In a section looking at interventions, international international contributors range from Tony Ward describing his ‘Good Lives Model’, to William and Liam Marshall with Matt O’Brien describing how to modify deviant sexual interests. Ruth Mann and William Marshall discuss treatment for incarcerated male adults, while Hilary Eldridge and Donald Findlater describe community residential treatment. The relevance of the latter piece is not entirely clear, given that the treatment described ceased in 2002. Further, although ‘in 2004 the Home Office announced that further residential facilities would be established’ (p. 350), this has not occurred. This section continues with descriptions of treatment for intellectually disabled offenders and those with mental illness. Lawrence Jones relates the research on working with sexual offenders with personality disorders in a range of settings, and how this differs from other interventions. Phil Rich discusses working with adolescent sexual offenders. This section concludes with a description of the issues arising from working with female offenders.
The final section of Beech et al.’s book looks at policy and practice, starting with Kevin Browne suggesting how to prevent abuse in families; highlighting how the treatment described is limited to North America, Western Europe, and Australasia. Browne then describes a less published area—How the police work to detect sexual offending. He notes a somewhat disturbing statistic: ‘For every child who is identified as sexually abused, there are approximately 400 other child victims who are undetected’ (p. 517). Browne goes on to describe the complexity of investigations and the possible combination of agencies that could be involved. He introduces the work of the Multi-Agency Public Protection Arrangements (MAPPA), which is continued in the next chapter by Hazel Kemshall and Jason Wood who describe how high risk offenders are identified and managed. Finally, Dennis Doren describes actuarial risk assessments in the USA in a chapter peppered with quotes, case law precedents, and a conclusion that proposes an alternative to the use of actuarial instruments.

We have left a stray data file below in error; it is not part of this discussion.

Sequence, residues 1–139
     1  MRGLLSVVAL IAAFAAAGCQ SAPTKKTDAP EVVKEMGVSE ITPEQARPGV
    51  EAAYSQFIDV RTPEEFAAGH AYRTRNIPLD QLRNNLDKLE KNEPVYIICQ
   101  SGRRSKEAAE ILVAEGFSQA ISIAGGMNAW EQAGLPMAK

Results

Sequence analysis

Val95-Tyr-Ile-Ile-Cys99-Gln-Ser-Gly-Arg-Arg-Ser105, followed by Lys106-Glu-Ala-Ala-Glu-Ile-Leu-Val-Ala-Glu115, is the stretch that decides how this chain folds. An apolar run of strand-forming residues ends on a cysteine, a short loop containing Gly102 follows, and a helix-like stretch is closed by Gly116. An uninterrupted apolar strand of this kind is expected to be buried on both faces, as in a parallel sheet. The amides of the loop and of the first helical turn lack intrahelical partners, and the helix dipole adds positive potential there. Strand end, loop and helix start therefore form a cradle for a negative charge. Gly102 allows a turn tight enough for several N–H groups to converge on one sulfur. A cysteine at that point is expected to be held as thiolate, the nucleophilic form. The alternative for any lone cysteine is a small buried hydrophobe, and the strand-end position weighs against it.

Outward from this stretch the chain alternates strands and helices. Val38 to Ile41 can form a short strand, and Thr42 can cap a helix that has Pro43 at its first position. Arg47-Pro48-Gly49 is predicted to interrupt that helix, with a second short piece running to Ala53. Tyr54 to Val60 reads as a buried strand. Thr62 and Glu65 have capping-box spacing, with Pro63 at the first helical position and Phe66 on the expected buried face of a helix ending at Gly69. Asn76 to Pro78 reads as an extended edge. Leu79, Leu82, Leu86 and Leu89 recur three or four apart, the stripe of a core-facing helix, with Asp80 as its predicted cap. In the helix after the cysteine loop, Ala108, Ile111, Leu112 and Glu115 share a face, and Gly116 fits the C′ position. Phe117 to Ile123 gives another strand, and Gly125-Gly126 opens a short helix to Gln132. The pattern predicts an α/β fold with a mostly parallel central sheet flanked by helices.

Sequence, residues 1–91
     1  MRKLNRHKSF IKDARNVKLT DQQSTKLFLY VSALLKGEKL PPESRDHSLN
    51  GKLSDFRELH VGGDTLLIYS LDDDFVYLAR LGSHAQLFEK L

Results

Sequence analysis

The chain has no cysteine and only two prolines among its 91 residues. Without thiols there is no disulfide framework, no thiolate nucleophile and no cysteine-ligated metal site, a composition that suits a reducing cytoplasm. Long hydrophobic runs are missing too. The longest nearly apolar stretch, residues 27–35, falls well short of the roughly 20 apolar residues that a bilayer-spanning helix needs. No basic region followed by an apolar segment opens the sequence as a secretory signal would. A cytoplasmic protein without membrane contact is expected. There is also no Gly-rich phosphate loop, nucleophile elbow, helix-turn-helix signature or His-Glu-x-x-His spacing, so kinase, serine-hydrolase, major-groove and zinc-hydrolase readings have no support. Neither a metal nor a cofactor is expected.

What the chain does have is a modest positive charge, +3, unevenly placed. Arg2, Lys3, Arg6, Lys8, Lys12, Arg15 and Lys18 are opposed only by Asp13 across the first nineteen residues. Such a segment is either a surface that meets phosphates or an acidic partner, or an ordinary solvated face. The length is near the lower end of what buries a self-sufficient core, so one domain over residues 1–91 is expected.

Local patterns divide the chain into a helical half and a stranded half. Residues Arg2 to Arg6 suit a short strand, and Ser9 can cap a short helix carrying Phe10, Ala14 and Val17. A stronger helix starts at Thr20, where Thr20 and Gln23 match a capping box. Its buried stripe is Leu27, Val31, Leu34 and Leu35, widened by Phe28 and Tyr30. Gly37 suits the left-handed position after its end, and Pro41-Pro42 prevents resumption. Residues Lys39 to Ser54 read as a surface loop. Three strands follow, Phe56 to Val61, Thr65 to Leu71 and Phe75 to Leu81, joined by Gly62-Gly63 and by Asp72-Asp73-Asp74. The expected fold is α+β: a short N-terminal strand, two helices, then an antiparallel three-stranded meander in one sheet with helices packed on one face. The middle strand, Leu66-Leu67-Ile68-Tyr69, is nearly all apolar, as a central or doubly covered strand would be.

This is certainly a book I would recommend to students and experienced practitioners, alike. As someone who falls into both camps, I am sure I will be referring back to this volume a great deal.
Geraldine Akerman is a Senior Forensic Psychologist at HMP Grendon, UK.